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(World of Art), an illustrated literary and art journal and the organ of the World of Art group and symbolist writers. It was published in St. Petersburg from 1898–99 to 1904; until 1901 it appeared twice a month and from 1901 monthly. The original publishers were Princess M. K. Tenisheva and S. I. Mamontov; in 1900 S. P. Diaghilev, the editor in chief, became the publisher. A. N. Benois was coeditor in 1903, beginning with Number 10.
The journal propounded individualism in art and a gradual acceptance of the international art nouveau style and sought to popularize Russian art of the 18th and early 19th centuries. At the outset the journal devoted much attention to applied art, propagating folk art and handicrafts. The articles by Benois, I. E. Grabar’, Diaghilev, and W. Kandinsky, extracts from the works of R. Muther and J. Meier-Gräfe, reviews of foreign publications, reprints of works displayed at art exhibitions, and reproductions of contemporary Russian and Western European paintings and works of graphic art acquainted readers with contemporary Russian and foreign art. The literary sections, headed by D. V. Filosofov, included religious-philosophical works by D. S. Merezhkovskii, Z. N. Hippius, N. M. Minskii, L. Shestov, and V. V. Rozanov and critical articles by V. la. Briusov and Andrei Belyi, defining to a large extent the aesthetic and literary program of Russian symbolism.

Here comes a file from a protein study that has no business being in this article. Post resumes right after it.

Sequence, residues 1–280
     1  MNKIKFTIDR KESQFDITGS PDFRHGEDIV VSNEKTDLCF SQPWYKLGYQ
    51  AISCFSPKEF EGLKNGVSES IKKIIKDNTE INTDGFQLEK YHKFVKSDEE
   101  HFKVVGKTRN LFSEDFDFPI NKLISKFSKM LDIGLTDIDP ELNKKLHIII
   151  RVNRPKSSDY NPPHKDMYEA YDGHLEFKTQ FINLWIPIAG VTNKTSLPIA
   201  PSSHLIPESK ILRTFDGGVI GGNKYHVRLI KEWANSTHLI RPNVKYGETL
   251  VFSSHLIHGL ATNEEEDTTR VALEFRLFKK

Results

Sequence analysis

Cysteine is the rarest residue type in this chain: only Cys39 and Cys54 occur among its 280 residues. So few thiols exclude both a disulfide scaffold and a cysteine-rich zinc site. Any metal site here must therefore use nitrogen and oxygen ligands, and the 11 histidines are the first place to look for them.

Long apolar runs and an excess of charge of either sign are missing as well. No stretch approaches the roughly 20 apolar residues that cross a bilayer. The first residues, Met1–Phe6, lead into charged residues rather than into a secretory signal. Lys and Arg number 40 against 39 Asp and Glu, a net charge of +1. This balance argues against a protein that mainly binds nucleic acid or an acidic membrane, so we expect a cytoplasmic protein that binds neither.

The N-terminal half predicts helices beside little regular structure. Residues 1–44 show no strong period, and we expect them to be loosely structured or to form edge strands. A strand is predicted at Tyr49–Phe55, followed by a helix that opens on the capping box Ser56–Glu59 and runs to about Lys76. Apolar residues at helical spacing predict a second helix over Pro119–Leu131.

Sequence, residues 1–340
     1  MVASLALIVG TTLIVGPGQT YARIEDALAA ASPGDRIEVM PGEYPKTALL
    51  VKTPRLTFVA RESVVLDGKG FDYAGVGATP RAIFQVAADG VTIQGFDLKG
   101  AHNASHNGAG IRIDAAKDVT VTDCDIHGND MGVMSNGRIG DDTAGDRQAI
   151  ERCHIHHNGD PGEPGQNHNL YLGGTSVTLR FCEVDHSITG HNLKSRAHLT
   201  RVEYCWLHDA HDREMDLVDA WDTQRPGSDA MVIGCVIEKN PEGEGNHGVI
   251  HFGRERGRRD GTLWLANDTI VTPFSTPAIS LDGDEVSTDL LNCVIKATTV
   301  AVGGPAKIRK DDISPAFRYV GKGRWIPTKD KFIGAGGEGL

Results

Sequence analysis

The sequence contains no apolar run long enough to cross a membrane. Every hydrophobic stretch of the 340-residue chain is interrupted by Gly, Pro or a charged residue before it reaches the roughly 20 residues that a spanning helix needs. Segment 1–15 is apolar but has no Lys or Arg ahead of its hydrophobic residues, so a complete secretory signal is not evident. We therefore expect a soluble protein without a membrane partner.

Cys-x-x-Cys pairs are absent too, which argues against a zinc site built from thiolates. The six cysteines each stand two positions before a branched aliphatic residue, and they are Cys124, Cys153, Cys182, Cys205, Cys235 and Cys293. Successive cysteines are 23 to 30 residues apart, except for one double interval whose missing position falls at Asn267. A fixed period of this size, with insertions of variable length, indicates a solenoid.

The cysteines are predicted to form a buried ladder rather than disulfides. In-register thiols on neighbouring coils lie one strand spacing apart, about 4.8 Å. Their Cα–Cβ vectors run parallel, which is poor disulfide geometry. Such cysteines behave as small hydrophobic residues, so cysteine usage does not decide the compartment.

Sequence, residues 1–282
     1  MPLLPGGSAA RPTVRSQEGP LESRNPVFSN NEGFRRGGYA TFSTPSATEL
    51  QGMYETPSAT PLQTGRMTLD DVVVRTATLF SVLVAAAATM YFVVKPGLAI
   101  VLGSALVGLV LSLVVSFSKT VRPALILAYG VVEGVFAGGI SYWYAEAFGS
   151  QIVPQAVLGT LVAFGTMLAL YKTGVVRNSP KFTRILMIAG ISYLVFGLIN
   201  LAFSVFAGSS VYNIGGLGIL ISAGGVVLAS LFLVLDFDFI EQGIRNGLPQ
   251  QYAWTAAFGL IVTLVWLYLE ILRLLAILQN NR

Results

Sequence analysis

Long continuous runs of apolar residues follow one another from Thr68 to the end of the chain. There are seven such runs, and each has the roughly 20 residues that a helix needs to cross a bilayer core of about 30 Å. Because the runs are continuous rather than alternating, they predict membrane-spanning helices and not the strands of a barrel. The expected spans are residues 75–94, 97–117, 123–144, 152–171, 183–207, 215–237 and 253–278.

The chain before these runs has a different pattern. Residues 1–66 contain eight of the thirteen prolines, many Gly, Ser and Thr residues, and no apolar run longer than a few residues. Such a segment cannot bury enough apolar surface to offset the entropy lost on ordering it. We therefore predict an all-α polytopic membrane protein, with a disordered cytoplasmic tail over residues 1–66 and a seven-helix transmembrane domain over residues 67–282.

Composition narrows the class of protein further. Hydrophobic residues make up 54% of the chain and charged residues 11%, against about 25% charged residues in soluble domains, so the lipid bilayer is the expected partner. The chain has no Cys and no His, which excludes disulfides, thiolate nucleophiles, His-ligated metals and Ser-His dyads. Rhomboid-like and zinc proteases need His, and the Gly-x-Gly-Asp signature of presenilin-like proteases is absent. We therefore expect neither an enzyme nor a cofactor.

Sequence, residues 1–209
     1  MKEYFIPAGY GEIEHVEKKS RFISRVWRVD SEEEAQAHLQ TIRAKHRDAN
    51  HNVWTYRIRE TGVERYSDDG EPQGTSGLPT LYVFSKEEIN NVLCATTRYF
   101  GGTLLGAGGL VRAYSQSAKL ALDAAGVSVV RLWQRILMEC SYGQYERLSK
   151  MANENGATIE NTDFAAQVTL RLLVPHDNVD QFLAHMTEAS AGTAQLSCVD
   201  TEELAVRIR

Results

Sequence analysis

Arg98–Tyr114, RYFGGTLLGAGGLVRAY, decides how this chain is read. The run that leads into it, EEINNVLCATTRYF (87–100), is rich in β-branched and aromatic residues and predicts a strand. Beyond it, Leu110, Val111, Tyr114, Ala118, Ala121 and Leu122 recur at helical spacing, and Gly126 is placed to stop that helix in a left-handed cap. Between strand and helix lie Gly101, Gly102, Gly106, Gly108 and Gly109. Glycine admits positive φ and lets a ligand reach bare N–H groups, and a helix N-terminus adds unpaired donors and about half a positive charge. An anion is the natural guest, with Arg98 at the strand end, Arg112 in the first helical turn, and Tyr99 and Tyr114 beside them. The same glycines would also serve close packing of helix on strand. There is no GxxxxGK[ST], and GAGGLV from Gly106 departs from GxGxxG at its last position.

The religious-mystical aspirations and national-messianic hopes of the philosophers and writers were ideologically opposed to the views of those whose concern was art—to their “westernism” and their interest in the Petersburg period of Russian history. After open polemics the Merezhkovskii-Filosofov group left Mir Iskusstva to found their own journal, Novyiput’ (New Path), which appeared in 1903–04.
The journal’s design, created by K. A. Somov, L. S. Bakst, and E. E. Lansere, and the high quality of its reproductions helped raise the general level of artistic taste, one of the group’s main goals. The Chronicle of Events of the Journal “Mir Iskusstva” appeared as a separate publication in 1903.